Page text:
Naturally, there has been a massive increase in virtual meetings, remote, and hybrid work since Covid crisis started. During the pandemic, many companies and individuals gained great experience with virtual collaboration tools.


 "Fifty-seven percent of respondents say they are willing to work remotely for an employer that doesn’t have a physical presence in their home country, a level that is well above the proportion who are open to physical relocation." (Decoding Global Talent, Onsite and Virtual, page 9).


We still don't know when the Covid crisis will be over and what the long-term effects of it will be. Yet digital transformation and virtual mobility are trends that will no doubt continue to gain popularity in the next few years. It is not always necessary to move physically to another country as many jobs - especially IT and digital jobs - can be done fully remotely.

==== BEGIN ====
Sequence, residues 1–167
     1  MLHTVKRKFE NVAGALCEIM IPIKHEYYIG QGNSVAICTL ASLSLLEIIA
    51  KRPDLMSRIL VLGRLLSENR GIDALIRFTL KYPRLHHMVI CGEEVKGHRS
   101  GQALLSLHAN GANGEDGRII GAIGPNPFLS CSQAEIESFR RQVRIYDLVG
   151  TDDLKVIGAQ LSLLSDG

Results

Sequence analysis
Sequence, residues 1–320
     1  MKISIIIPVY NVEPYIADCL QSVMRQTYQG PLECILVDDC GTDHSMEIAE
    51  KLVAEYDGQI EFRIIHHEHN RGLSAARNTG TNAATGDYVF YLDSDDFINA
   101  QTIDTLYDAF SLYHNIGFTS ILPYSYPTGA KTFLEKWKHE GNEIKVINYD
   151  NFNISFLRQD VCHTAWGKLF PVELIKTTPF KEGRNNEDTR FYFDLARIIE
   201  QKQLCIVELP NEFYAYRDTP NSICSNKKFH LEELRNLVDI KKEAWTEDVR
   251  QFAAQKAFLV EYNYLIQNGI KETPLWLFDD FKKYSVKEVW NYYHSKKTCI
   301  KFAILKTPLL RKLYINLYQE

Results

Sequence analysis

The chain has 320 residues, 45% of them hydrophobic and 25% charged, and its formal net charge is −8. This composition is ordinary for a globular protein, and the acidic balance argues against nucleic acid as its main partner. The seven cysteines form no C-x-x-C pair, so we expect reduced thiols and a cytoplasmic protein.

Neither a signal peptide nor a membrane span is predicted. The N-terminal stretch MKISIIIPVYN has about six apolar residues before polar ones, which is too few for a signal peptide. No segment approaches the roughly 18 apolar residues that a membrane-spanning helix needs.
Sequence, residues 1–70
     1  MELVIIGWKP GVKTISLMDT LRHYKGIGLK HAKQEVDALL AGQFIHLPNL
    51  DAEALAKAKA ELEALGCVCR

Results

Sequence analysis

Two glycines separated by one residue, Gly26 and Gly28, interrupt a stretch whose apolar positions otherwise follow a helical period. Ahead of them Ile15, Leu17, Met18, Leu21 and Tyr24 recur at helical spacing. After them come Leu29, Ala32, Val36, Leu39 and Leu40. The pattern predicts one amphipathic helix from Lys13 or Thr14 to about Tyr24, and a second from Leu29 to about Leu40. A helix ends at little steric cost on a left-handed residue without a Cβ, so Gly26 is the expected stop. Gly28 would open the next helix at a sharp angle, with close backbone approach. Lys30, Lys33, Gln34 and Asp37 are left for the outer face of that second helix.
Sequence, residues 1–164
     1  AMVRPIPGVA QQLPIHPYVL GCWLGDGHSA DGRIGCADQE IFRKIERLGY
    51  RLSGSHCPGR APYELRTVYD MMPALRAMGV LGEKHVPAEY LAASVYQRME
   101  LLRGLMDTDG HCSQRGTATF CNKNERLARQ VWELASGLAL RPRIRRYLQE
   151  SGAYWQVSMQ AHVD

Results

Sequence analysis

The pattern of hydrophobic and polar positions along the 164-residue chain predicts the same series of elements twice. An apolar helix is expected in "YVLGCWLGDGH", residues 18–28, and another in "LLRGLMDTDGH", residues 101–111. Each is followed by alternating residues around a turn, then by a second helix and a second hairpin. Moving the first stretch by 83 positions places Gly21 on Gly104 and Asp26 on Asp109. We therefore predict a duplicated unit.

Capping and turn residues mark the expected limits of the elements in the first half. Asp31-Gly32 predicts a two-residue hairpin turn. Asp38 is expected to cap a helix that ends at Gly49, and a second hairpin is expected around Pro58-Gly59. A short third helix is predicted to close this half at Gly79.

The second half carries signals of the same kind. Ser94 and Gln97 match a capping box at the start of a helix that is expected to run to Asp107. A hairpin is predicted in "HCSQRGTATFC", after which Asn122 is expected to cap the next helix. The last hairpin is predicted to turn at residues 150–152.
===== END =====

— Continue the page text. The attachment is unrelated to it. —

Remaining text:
Virtual Mobility is a New Way of Mobility


Virtual mobility has a lot of advantages for companies as they can attract more talent from across the globe. Many companies like Microsoft, Tata Consulting, GitLab and Facebook are already working with international global teams.


Even if remote work is a model that gives companies a much wider access to recruit global talent, there are also challenges to face like different time zones, labour laws, and salary strategies as well as data protection laws and cultural differences.



What Competitive Advantages Do German Candidates Have in a Global Comparison?